Rachel Powell’s stunning fashion collection is a celebration of black womanhood.
Powell grew up in rural New Jersey. When she couldn’t find clothes that fit right on her body, her grandmother taught her to sew.
“That’s what started my interest in fashion,” Powell says, “just designing clothes that I could personally wear.”
Today, Powell is a senior at Cornell University, majoring in apparel design with a minor in business. She uses her art to tell stories inspired by women often ignored. In her latest collection, Powell’s personal narrative and the rarely told history of a nation built by black women are stitched into each look.
Powell’s collection, ROOTS, at the student-run Cornell Fashion Collective, is striking, beautiful, and political in equal measure.
Powell had the opportunity to share eight to 10 looks in her last show and wanted to make them count. With ROOTS, Powell designed looks that celebrate black womanhood, past and present.
“I wanted to explore the intersectionality of black women in America … the double discrimination that they face,” Powell says.
Throughout history, the voices of black women were too often ignored, omitted, or silenced. It continues today. Even Powell admitted having reservations about tackling such a taboo topic for her collection.
“I was worried about how this would be received and talked to my professors about how to do this right,” she says.
Powell drew inspiration from the African diaspora, the American civil rights movement, and the women who shaped it, like Kathleen Cleaver, Assata Shakur and even a young Ruby Bridges. Her history education — and, in some cases, miseducation — also played a role.
“I’m kind of reflecting on my K-12 history … and how we were taught the same thing over and over again without a lot of variation,” Powell says. “I feel like American history is filled with a bunch of gray areas that, in a sense, our history books were able to make things very black and white.”
Through thoughtful design, Powell figuratively passed the mic to powerful black women and showcased their strength, beauty, and persistence.
These are five of her remarkable designs.
1. The white dress
On the surface, it’s a stark white dress with a fit-and-flare silhouette, a classic look reminiscent on housewives in the 1950s. But this brand of purity and innocence is in direct contrast with the Norman Rockwell portrait of Ruby Bridges that Powell emblazoned on the back of the dress and the small numbers she placed on the front, which represent the night she was raped in high school.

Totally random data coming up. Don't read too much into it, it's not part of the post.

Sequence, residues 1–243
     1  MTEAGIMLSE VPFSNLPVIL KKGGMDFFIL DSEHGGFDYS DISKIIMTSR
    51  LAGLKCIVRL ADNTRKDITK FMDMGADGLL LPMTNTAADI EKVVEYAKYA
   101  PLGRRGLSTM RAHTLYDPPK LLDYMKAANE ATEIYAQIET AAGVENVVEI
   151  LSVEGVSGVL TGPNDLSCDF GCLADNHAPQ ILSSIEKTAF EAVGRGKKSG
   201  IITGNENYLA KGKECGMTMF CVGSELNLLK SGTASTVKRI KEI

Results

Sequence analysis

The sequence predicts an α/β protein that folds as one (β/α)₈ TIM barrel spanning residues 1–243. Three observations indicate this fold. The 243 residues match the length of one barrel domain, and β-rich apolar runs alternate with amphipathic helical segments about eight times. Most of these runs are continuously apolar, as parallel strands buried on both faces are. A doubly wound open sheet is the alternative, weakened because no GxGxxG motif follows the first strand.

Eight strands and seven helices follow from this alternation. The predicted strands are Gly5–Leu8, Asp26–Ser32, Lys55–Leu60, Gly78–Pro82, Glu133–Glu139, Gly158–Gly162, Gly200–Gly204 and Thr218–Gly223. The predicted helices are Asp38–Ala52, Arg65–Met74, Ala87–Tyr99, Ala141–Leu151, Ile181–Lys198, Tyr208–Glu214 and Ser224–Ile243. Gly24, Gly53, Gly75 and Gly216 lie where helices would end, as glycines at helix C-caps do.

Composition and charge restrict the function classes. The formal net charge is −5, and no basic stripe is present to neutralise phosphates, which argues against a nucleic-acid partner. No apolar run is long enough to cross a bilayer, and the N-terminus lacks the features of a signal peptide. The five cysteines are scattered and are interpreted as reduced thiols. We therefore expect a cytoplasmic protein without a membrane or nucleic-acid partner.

“It’s this idea of a loss of innocence,” she says.
The period was a turning point in America, and that day was a turning point in her life.
2. Make America _____ Again
Inspired by a photo of Kathleen and Eldridge Cleaver and other members of the Black Panther Party in big leather coats, Powell made a coat of her own. On the back, an imposing red cross with the words “Make America _____ Again,” a play on the president’s campaign slogan.
“I kind of like giving the power to the audience to fill that in,” Powell says, “… having people reflect specifically on the election and the state of … America.”
With the previous look, Powell let the audience fill in their own thoughts about the state of the nation. With this look, Powell gives her take.
“You have this president who ran on this platform of hate and bigotry. He was specifically endorsed by the KKK, so I was specifically addressing that,” she says.
Sparked by “13th,” Ava DuVernay’s Oscar-nominated documentary on mass incarceration, Powell designed a jumpsuit complete with stripes to mimic a prison uniform. While the film and the book that inspired it (“The New Jim Crow”) discussed how mass incarceration affects black men, black women are hurt in the struggle as well, behind bars and afterward.
“The sleeves are extended past the hands to obstruct the wearer’s ability to move and operate, so as to represent the struggle of trying to reenter society and the workforce after serving time,” Powell said in an interview with Jopwell.
5. Move over, Betsy Ross
For the last piece in her collection, Powell composed a textile sample that was a loose rendition of the American flag.
“I had so many of my friends help me to hand-embroider the red detailing on the dress,” she says. “My grandma, my aunt, my mom, one of my models, another one of my friends — so many people helped me on that, and I think it was … maybe symbolic of the support system that black women need in order to overcome … discrimination in our society.”
The response to ROOTS has been overwhelmingly positive, a victory for Powell and intersectionality.
After graduation, Powell knows she’ll need to balance passion projects like ROOTS and her professional goals, at least for now. Ultimately, she hopes to start her own company where she can combine the two and make a living doing what she loves.
“The attention I’ve been receiving from the collection has pushed me to be, like, ‘This is definitely realistic. I can do this now,'” Powell says.
Indeed, she can. She has generations of persistent, capable, talented black women beside her — lifting her up, pushing her, and encouraging her.
It’s in telling their stories that Powell crafts her own.